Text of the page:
Why it's important: A powerful glimpse into the future of professional services. Currently, even the most diehard legal assistants need time off for human needs. Ross doesn't have that problem -- and as a result, Ross can parse case law, secondary sources, legislation, and new court decisions around the clock, even delivering its curated results in natural language.

Spotted by Darryl Kraemer

Google Open-Sources Natural Language Understanding Tools

natural language understanding google

What it is: Google has just made two exciting natural language tools completely open source: SyntaxNet and Parsey McParseface. The former is a syntactic parser, which, as KurzweilAI explains, "allows machines to parse, or break down, sentences into their component parts of speech and identify the underlying meaning." The latter is a program that uses SyntaxNet in the English language -- and the most accurate model of its kind on the planet.

Why it's important: By completely demonetizing, dematerializing and democratizing its own powerful natural language processing tools, Google only stands to gain future customers, fans and new startups to acquire.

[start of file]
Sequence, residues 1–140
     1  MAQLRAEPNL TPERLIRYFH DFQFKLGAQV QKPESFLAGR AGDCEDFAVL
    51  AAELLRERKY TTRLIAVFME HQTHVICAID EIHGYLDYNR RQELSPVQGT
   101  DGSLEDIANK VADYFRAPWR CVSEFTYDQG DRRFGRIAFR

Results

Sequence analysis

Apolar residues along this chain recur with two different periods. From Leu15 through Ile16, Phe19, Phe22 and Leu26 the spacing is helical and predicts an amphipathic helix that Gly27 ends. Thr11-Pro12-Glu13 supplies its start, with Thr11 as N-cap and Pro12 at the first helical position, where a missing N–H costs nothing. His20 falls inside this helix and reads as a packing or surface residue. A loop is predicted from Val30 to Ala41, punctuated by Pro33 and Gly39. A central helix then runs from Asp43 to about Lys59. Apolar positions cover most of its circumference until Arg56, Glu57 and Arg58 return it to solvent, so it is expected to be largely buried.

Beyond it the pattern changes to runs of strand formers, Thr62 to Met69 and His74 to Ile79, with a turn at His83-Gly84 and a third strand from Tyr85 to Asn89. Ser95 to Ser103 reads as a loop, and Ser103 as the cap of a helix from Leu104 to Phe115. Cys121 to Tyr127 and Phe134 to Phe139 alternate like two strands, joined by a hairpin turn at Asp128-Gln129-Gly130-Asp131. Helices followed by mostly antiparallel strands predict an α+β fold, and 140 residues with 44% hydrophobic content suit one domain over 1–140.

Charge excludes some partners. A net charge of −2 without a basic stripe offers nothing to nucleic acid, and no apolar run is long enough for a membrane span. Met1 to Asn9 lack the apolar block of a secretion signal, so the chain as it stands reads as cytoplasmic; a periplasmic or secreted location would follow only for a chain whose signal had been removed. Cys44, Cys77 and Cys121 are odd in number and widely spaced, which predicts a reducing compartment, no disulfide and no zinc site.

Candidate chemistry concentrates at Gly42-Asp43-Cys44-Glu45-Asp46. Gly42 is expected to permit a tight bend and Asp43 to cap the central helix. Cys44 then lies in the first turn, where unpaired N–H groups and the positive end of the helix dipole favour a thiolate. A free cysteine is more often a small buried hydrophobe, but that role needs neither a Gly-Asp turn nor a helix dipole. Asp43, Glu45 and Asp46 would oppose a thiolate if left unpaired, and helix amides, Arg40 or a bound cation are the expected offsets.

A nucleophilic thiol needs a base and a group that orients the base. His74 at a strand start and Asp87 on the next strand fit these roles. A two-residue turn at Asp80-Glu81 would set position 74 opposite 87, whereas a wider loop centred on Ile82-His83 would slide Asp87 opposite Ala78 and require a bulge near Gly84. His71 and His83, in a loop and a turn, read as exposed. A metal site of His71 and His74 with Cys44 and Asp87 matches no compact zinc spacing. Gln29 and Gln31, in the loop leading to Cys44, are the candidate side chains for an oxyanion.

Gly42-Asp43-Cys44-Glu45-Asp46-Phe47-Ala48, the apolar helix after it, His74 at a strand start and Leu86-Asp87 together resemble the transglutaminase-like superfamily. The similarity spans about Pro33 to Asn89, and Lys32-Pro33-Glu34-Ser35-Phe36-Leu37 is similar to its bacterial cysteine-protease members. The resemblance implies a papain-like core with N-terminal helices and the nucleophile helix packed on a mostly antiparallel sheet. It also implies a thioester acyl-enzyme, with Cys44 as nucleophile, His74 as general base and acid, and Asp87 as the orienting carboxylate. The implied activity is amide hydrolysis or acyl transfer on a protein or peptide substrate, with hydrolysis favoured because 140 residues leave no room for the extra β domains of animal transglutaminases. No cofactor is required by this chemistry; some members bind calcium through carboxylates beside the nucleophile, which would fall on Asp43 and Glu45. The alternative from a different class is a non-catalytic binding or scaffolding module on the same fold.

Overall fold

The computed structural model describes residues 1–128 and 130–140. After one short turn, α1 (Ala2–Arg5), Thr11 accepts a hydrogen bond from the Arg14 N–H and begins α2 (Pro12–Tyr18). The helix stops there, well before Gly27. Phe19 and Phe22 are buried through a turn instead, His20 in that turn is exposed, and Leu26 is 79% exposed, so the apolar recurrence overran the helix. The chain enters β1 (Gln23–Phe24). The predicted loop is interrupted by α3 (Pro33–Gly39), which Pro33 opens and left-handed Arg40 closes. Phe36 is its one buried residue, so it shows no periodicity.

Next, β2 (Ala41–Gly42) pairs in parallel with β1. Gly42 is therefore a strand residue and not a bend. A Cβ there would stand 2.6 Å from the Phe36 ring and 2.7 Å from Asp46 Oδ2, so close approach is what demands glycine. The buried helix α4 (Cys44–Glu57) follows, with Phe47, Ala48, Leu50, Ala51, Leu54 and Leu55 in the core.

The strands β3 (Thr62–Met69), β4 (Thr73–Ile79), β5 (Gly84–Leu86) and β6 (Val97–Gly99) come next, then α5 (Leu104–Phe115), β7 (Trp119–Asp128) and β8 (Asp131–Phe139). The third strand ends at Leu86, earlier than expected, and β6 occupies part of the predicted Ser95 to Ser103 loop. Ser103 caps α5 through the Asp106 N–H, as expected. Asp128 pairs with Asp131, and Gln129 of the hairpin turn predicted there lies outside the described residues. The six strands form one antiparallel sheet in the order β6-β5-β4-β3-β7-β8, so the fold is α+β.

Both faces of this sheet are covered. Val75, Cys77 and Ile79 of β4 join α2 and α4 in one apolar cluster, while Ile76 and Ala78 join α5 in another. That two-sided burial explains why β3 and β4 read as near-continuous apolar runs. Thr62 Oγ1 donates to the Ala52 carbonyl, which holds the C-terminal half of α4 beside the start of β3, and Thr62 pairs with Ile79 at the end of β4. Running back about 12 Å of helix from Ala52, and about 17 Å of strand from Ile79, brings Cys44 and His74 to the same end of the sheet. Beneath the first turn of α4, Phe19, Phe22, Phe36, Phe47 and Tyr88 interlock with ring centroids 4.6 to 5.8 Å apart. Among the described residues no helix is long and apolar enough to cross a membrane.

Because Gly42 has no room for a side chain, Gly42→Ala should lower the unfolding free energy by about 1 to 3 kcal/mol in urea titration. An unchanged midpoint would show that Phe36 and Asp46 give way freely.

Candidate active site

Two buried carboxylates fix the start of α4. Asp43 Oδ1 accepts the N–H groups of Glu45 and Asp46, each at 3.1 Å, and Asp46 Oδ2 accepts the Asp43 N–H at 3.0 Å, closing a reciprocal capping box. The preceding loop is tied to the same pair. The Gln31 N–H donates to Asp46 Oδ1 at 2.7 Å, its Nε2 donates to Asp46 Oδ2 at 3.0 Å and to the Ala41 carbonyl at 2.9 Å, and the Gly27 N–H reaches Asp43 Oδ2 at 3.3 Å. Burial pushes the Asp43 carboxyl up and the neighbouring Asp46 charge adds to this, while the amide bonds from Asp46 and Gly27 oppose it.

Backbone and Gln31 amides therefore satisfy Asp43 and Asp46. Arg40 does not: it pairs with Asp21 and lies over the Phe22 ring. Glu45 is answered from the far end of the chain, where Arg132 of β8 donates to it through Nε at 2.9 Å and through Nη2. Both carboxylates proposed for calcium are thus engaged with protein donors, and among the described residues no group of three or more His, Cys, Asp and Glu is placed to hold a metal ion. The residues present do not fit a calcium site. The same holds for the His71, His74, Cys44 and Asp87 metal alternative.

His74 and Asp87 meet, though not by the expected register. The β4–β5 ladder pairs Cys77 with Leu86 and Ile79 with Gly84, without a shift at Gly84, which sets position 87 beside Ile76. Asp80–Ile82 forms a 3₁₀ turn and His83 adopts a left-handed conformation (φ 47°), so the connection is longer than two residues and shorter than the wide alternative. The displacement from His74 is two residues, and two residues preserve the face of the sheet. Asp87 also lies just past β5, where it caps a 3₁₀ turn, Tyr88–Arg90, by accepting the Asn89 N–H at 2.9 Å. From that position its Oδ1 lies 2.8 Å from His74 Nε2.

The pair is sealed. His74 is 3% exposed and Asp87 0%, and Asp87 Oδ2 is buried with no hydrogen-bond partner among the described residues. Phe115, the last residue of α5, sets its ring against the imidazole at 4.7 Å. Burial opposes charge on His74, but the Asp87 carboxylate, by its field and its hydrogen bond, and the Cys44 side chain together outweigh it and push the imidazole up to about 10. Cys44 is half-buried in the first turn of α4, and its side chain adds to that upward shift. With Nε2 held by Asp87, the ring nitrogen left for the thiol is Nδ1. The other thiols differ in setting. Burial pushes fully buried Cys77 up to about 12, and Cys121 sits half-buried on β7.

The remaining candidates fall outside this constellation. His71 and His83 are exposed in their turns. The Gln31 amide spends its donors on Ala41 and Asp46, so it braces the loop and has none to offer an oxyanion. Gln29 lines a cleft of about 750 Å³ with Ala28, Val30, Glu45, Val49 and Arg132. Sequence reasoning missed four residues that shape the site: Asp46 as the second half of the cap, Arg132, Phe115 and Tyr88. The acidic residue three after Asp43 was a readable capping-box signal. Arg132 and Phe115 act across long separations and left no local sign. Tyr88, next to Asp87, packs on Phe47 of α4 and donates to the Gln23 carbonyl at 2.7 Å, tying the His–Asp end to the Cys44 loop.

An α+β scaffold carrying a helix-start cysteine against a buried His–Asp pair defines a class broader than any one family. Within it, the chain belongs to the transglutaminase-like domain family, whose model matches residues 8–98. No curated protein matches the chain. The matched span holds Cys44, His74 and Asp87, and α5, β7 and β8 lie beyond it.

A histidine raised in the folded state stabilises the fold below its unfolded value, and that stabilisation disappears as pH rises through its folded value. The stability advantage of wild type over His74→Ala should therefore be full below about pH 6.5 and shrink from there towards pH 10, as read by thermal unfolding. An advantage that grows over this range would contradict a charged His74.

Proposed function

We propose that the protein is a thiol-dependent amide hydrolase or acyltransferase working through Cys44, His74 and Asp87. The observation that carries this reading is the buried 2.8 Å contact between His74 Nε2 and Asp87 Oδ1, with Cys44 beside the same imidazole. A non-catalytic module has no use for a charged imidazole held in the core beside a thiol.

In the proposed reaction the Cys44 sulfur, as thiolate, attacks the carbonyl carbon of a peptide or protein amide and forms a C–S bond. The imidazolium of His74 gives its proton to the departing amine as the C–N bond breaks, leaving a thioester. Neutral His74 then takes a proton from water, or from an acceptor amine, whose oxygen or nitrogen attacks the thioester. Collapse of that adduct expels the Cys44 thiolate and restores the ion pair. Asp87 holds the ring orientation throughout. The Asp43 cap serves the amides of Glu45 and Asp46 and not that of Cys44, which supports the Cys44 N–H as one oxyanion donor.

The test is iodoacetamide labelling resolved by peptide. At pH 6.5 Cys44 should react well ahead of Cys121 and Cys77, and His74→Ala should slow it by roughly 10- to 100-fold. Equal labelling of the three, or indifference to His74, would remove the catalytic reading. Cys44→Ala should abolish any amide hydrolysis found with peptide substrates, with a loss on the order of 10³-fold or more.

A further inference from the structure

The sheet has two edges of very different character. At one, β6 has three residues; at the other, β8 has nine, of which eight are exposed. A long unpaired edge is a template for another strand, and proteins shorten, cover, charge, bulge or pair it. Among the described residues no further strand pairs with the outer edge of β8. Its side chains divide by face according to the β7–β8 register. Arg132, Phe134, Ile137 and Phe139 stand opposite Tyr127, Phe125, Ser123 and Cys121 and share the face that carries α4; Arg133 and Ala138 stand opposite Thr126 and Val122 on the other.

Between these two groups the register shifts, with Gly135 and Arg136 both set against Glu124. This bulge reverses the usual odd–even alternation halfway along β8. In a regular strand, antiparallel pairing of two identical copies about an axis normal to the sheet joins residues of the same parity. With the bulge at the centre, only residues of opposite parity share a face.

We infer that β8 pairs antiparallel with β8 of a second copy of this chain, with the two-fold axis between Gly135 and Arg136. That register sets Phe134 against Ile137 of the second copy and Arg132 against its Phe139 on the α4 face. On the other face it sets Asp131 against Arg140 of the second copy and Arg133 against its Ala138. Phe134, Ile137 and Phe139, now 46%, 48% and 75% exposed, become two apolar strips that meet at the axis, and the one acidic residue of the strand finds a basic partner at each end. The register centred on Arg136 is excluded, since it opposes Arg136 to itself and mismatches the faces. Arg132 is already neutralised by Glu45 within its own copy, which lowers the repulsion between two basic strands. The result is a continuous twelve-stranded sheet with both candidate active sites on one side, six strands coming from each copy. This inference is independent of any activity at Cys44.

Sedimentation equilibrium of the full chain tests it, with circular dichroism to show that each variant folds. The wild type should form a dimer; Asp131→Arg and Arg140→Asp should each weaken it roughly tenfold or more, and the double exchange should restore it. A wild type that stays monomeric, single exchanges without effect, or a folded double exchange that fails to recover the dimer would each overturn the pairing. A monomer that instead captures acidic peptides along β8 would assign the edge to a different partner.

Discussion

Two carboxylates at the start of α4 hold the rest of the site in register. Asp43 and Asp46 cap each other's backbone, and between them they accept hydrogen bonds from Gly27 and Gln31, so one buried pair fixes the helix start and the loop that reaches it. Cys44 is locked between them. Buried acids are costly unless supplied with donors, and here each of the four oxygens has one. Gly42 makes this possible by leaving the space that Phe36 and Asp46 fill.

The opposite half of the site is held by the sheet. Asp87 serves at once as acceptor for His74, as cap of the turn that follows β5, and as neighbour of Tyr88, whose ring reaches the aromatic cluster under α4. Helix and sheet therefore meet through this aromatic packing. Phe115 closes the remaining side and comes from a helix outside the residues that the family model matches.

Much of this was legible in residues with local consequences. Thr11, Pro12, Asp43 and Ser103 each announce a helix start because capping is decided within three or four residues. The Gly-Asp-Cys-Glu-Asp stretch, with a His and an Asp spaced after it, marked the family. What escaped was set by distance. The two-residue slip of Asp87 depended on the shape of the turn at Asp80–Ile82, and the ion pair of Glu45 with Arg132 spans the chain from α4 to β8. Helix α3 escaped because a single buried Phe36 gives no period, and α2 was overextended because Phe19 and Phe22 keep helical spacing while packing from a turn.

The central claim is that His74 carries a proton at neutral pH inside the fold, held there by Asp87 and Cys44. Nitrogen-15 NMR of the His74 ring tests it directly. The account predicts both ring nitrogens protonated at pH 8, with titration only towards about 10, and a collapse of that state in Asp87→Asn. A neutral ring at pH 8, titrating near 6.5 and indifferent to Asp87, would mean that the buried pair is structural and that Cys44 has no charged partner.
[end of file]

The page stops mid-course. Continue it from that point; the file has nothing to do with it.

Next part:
Spotted by Marissa Brassfield

Ingestible 'Origami Robot' Lets Doctors Operate on a Patient Remotely

origami surgery robot

What it is: MIT researchers have created a pill-sized, folding "origami robot" comprised of biocompatible composite material sheets. After the patient swallows a tiny ice capsule containing the robot, the ice melts and the robot unfolds itself; meanwhile, in a remote location, a physician can maneuver the robot and perform a variety of clinical procedures. The robot then biodegrades and exits the body naturally. Its skill set includes drug delivery, foreign object location and retrieval, and wound care.

Why it's important: The MIT researchers' next move is to make their origami-inspired robot autonomous, so that it can perform simple procedures without a physician's intervention. With so many similar nanorobots and "smart pills" in development, we're watching this area of healthcare closely.